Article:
Thursday, May 22, 2014

Visme: Online creation tool

I have been working with, an online free suite of tools to help you "visualize your ideas". Once you create an account, you have the option to create a presentation, a banner ad, an infographic, start with a blank canvas, and (soon) create a product demo. 

Dashboard of Visme
With the Visme Free account, you can create up to three projects, which are branded with the Visme logo, and have a full set of features to use in your design; there are images, icons, and banners included, you can upload your own images, animate the elements in your project, and publish the finished project online or download it as a JPEG. There are two upgrade options that allow more projects, more storage space, more elements to use in the projects and other useful options. You can find out more about Visme Standard and Visme Complete here. Some new features that are coming soon are a Microsoft PowerPoint import into the presentation project as well as a number of new templates.

I chose to create an infographic, since I have been learning and teaching about them for the past few years. I have used some of the other online infographic-making sites, but I like Visme since there are other types of visual products to create in addition to the infographic. The interfaces are all similar, so it makes it easy to move from type to type for any project I want to create.

I admit that I am an infographic purist. With all of my reading on the topic, I have come to follow the ideas put forth by Eric K. Meyer in his 1977 book Designing InfographicsMeyer states a good infographic should have a beginning, a middle, and an end. He likens the visual elements in an infographic to those in a new story’s headlines and lead.

In addition, he goes on to state that most readers skim both text and images rather than reading them, so a well-crafted visual image at the top of the infographic may just be the hook the viewer needs to stop and take the time to read and look at the information in the infographic. He talks about the way people read an infographic as an inverted pyramid style with the main point at the top and secondary point and supporting details down the page. Meyer also suggests any text in the title of the graphic should communicate facts rather than just label the information. Following is a sample that follows his guidelines.

Sample of inverted pyramid style of infographic

I view lots of infographics and many are just "infographic-like posters" with no weight to the visual information to help the reader understand what the creator thinks is the most important. However, with Visme, I could easily edit the themes to reflect the ideas from Eric Meyer that I wanted to utilize.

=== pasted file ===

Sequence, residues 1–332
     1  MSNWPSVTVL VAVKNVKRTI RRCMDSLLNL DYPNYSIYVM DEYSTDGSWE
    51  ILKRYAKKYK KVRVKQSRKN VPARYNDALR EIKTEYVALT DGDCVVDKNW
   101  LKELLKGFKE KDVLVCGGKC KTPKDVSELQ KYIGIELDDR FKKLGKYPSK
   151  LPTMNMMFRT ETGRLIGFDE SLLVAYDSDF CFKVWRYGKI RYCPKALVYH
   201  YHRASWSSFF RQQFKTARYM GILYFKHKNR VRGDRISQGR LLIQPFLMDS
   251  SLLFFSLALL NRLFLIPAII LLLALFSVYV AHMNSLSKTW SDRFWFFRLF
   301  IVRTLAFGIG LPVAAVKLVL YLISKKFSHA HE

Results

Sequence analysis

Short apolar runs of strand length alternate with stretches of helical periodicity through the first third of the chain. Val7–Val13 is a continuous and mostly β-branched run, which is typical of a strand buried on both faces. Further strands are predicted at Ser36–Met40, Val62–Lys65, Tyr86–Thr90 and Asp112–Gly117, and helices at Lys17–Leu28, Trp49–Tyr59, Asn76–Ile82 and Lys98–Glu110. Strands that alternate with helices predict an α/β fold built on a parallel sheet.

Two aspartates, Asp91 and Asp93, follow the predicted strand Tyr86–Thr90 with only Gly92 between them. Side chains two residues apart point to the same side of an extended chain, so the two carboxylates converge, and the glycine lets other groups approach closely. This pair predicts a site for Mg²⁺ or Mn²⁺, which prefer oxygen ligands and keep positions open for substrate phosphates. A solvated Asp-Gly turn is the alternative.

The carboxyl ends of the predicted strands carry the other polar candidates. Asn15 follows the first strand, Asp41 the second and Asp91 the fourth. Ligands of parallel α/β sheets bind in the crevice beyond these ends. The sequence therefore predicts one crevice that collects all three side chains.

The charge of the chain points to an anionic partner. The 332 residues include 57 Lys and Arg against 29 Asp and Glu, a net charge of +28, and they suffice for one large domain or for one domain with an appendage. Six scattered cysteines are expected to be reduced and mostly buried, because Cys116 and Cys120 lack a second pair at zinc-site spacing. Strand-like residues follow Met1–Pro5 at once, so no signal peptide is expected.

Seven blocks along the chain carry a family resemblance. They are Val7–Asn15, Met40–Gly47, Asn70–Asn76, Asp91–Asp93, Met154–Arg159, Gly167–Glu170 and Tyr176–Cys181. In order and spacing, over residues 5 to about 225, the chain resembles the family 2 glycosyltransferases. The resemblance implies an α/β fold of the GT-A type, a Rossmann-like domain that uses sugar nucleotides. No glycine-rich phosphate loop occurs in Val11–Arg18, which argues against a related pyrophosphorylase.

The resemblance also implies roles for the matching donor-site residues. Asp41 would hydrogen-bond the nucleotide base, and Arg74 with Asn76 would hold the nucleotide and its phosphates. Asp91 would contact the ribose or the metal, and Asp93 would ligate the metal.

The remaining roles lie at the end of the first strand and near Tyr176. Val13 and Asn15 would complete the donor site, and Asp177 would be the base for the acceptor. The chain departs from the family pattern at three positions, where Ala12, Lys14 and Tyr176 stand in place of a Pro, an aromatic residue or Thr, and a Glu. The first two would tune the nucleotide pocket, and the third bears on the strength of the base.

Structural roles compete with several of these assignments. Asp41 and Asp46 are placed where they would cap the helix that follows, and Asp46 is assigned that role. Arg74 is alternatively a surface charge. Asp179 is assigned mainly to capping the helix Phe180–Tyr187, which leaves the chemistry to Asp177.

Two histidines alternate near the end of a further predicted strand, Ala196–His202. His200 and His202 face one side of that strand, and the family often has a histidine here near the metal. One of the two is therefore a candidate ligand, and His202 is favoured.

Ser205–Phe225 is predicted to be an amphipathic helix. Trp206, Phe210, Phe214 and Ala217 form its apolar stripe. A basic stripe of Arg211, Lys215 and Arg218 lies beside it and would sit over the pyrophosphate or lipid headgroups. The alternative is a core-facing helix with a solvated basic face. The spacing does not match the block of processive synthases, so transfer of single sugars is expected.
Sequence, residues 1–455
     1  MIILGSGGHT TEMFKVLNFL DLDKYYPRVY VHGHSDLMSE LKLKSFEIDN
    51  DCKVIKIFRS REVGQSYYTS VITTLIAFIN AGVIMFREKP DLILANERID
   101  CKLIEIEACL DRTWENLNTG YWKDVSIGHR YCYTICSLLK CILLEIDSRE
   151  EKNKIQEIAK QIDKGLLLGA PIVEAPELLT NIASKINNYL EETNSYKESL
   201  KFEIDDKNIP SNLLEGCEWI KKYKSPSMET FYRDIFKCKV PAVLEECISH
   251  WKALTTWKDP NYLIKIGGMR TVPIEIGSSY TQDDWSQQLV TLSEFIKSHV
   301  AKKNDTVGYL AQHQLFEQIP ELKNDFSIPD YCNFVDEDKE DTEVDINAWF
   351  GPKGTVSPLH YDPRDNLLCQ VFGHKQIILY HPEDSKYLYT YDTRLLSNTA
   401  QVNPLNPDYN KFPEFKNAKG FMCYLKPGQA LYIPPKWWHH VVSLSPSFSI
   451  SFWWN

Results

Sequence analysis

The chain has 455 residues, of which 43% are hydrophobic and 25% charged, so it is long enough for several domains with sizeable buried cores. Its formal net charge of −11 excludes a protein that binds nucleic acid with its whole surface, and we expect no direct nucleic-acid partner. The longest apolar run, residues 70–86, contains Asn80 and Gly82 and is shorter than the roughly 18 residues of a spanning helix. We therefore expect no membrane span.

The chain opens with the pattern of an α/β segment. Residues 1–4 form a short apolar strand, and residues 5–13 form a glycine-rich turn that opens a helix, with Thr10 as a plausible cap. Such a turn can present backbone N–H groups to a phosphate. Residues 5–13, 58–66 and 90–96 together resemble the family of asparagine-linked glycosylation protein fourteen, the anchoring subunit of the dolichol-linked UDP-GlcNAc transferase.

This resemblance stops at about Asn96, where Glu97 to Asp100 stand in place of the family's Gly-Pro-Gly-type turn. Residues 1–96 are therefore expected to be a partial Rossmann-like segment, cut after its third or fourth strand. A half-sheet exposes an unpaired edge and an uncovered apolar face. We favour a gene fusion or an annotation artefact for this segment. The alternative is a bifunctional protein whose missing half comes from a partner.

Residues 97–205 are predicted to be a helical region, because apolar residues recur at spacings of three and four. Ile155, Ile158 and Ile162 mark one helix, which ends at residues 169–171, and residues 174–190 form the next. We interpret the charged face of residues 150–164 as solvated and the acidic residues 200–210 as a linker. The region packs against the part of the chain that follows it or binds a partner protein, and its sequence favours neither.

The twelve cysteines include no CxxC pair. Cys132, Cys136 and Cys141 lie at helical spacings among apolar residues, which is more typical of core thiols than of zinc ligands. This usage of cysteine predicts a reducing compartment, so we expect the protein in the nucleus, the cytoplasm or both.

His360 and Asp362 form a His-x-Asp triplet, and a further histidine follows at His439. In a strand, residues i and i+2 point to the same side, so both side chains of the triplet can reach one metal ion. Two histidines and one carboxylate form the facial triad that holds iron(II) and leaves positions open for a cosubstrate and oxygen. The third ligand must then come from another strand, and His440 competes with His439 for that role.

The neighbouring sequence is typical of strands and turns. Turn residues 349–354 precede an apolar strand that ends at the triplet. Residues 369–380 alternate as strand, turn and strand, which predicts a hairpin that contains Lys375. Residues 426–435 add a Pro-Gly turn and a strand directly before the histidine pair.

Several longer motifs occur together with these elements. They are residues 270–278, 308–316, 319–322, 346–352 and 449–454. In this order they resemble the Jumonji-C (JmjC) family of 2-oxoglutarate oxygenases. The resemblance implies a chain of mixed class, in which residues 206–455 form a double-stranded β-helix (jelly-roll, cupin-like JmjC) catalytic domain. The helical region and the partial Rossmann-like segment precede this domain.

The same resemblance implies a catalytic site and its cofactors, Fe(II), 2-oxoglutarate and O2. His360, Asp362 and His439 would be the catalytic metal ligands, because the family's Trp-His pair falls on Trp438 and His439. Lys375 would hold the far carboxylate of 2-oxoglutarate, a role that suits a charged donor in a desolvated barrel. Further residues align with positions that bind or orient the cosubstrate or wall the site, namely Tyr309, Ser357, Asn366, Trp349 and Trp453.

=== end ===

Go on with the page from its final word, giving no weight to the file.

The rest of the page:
The first thing you see in the infographics area of Visme are the themes to pick from to create your infographic. They are colorful and include traditional infographic elements like icons, graphs, and other visual elements that are easy to add, edit, color, resize, and rotate.

Theme choices for an infographic

I chose a template I knew I could easily work with to showcase the data I was presenting which was the overview data from the Pew Internet Research report (March 2013) on what devices students used to access the Internet.

Template default
I first came up with a catch phrase for in the top banner and a text title that was meaningful, but also left the viewer wanting more information. I played around with animating some of the elements, but decided, since I wanted to share this infographic in print form, I would not use this option. Animations would probably be better suited for banner ads, presentations, and product demos. 

 Beginning the infographic
I took a look at the the Web icons that were included in Visme, and then decided to resize one of them to make it the focal point of the infographic. This area included the primary information from the Pew Report.

Focal point of infographic
I liked the graphics that were at the top of the original template and wanted to use them. One great feature was I could CNTRL-CLICK on each part of the graphics and highlight the entire section and then use the arrow keys to move it down the template to the area where I wanted to use the graphic elements.

It is also very easy to add drop-shadows, layer your objects, and take advantage of many other editing features in Visme.

Secondary details of infographic

The Visme projects include a chart maker that allows you to import data, pick a visualization, and add it to your infographic. I did not use the graph engine for this project since I already had the compiled data, but here is what it looks like.

I decided to use one of the other infograph widgets to call out the percentages on each line of the secondary data on the infographic.

And, at the bottom of the infographic I was able to insert my own image to personalize the project, include a text overview of the project, as well as the URL to the full Pew Internet Research report.

Here is the completed infographic project. You can view it online at the Visme site at

Give Visme a try, whether for an infographic, a presentation, or a custom project and share the URLs of your projects with me!